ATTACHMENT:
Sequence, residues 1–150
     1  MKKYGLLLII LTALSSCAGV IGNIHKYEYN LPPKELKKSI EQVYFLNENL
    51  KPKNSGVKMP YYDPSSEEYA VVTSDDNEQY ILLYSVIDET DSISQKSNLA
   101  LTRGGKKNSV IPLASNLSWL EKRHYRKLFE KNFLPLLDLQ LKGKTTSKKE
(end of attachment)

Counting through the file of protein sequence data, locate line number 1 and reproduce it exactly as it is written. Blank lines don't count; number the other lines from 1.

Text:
Sequence, residues 1–150